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If you search on cockroaches in oxygen rich atmosphere you will find that they apparently take longer to grow to the same size. Dragonflies get larger so you need to swap insects.

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  # 1416903 30-Oct-2015 12:10
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Rikkitic:
Is there a place here for extremely random questions? I was wondering how big a cockroach could get if there was no limit on atmospheric oxygen. Could it be as big as a hippopotamous? How much oxygen would be required to achieve that? If it could be achieved, would the atmosphere catch on fire? If it did, would a self-correcting process take place as oxygen combusted? Would the fire go out when the level of oxygen reached 21% and would cockroaches return to normal size?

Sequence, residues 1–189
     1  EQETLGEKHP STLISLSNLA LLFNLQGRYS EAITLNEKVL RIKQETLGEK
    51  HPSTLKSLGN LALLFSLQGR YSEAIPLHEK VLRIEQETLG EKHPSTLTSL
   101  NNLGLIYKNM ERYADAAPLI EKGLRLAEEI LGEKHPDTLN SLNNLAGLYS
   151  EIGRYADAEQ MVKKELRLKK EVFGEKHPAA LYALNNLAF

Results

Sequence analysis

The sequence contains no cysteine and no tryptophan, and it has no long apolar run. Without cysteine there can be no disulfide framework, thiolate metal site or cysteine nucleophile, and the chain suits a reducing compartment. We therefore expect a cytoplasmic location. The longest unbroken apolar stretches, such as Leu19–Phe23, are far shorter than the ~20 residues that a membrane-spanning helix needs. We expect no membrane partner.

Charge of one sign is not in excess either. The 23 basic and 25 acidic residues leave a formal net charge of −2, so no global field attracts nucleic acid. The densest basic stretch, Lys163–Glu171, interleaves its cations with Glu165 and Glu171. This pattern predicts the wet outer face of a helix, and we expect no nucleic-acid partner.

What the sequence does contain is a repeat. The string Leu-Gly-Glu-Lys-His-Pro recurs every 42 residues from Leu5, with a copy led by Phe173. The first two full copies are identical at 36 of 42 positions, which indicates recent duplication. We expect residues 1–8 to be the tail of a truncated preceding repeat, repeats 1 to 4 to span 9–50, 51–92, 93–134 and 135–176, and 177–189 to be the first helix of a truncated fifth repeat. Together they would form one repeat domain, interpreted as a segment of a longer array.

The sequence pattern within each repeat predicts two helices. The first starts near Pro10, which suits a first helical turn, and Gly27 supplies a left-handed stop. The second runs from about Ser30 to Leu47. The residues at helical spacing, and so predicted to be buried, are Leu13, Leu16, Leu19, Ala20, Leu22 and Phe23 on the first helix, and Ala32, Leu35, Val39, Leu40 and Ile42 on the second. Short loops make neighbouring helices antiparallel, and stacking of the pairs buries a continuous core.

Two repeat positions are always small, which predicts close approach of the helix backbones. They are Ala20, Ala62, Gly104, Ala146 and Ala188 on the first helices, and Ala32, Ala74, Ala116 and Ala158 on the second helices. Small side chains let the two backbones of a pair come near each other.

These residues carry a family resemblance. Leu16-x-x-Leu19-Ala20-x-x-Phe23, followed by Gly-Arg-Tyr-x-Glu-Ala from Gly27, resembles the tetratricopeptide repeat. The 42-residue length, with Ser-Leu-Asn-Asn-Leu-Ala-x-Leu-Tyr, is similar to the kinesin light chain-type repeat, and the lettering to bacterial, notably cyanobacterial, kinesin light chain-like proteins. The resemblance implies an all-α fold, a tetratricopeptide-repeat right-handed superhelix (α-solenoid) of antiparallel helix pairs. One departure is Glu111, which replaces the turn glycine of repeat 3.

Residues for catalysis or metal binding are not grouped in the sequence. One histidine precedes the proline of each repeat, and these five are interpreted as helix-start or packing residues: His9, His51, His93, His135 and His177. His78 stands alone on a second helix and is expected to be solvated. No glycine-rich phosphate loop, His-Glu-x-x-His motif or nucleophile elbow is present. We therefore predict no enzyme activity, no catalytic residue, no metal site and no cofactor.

We need more randomness like this around here! :-)

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  # 1416907 30-Oct-2015 12:14
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What about Stack Exchange? They have "world building" questions like that:

http://worldbuilding.stackexchange.com/questions/20946/at-what-oxygen-levels

I have spent far too much time reading some of the interesting answers.

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  # 1417012 30-Oct-2015 14:02
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mdf: I'd start with http://what-if.xkcd.com/. I haven't seen the answer to that particular query, but there's some pretty outlandish stuff on there (with impeccably researched answers).